Anxiety in Childhood: Gender and Sex Differences

Anxiety disorders are the most common type of mental health disorders, affecting 6% to 20% of children and adolescents (hereafter, used interchangeably) in the United States. These overall rates of psychopathology conceal important sex differences prevalent in children. One of the most widely documented findings in psychiatric epidemiology, and the focus of this entry, is that sex significantly influences anxiety disorder prevalence; females are significantly more likely than males to develop an anxiety disorder throughout the lifespan. These sex differences remain even after controlling for psychosocial factors. This entry illuminates specific findings related to the influence of sex (and gender) across specific anxiety disorders and discusses theories for why such differences may exist.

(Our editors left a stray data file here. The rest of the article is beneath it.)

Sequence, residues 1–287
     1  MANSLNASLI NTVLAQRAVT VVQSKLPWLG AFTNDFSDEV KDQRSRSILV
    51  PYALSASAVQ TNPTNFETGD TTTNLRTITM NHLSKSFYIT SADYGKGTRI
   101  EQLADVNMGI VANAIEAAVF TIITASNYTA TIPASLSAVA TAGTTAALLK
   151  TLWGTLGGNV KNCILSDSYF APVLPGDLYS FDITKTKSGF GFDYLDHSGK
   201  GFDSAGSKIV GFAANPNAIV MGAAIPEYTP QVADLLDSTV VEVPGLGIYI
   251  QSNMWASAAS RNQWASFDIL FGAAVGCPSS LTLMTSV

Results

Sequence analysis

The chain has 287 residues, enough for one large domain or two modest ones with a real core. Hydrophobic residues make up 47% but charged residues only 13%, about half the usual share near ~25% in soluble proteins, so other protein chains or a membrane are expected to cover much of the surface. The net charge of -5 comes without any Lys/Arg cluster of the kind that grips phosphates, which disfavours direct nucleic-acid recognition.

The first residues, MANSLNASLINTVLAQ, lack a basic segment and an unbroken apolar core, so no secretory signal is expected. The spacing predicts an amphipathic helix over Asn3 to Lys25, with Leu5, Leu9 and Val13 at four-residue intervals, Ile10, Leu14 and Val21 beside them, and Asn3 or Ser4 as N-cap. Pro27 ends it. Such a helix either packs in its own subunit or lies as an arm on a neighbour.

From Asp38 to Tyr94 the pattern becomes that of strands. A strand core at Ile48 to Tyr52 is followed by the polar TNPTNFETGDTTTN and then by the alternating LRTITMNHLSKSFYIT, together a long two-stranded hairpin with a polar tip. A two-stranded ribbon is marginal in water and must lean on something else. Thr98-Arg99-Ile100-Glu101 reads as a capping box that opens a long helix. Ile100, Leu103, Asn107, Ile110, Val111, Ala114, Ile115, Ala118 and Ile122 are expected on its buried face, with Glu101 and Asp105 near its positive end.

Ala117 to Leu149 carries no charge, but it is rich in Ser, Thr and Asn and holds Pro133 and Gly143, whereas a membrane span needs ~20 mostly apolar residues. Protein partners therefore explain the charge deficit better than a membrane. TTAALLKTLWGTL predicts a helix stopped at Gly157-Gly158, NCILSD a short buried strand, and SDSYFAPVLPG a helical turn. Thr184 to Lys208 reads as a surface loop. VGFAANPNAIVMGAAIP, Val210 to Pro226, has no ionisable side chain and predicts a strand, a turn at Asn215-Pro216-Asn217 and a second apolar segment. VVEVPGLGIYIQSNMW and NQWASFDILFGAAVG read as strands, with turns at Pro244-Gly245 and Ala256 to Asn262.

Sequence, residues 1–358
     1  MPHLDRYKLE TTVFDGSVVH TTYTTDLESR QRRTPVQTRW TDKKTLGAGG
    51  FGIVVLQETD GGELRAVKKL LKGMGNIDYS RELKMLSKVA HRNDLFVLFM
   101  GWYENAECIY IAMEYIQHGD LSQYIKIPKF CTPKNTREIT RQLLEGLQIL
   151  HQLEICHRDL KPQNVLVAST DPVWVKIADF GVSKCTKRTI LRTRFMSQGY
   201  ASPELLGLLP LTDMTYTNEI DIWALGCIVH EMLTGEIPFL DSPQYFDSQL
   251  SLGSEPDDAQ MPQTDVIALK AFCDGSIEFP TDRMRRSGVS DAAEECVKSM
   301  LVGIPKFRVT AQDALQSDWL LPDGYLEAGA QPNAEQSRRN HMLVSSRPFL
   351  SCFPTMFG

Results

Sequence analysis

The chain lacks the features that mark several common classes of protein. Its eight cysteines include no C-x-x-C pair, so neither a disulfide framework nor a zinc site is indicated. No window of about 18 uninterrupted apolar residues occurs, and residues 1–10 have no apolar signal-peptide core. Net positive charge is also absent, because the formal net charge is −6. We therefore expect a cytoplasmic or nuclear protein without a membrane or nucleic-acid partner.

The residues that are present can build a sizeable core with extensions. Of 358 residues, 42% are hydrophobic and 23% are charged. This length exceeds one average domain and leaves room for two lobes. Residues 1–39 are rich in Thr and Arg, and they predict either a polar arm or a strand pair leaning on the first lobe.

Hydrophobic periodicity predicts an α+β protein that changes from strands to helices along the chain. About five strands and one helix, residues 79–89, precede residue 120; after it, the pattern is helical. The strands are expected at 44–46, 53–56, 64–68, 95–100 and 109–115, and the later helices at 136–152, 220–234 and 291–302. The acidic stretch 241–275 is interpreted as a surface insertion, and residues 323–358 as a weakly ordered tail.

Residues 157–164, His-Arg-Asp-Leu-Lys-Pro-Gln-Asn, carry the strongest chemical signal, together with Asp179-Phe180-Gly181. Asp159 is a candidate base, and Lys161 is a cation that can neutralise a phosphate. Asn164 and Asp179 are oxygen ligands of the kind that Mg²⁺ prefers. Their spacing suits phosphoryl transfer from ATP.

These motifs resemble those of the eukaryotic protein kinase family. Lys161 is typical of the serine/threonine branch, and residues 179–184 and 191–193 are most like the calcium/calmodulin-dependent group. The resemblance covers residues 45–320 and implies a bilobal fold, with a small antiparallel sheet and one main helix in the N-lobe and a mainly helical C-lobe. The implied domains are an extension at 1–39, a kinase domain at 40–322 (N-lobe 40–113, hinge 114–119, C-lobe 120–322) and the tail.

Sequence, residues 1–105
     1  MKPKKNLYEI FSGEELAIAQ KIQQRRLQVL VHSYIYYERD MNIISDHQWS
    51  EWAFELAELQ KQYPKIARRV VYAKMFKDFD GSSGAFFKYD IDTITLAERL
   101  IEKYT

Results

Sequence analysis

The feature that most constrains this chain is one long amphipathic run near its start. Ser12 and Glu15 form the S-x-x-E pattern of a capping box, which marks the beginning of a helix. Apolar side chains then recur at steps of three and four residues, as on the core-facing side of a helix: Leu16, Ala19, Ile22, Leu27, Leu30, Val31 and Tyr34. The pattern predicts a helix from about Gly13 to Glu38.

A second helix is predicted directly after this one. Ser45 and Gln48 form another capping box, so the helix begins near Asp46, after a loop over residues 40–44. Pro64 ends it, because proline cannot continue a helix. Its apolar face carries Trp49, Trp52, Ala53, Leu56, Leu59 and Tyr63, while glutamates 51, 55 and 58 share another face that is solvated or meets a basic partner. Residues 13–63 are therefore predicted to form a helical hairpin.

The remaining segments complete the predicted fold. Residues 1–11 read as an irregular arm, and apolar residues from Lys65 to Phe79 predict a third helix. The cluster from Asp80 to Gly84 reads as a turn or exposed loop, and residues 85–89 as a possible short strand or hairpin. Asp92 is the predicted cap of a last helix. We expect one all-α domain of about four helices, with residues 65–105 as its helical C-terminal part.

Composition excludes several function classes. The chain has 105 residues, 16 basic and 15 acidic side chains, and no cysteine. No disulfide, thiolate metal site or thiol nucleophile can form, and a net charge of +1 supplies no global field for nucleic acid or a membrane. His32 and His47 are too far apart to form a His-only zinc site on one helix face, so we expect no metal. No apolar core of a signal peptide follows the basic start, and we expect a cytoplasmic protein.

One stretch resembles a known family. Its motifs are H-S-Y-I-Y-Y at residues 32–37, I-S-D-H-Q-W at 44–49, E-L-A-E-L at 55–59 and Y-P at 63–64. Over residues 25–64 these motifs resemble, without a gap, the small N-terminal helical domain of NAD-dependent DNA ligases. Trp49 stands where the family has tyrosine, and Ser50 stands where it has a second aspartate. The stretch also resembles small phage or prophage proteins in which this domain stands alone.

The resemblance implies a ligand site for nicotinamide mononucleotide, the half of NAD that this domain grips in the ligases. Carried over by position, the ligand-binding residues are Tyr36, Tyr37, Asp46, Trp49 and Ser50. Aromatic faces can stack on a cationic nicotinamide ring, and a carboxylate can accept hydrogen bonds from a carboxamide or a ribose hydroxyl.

As a prefatory note, it is important to clarify two key terms. ...

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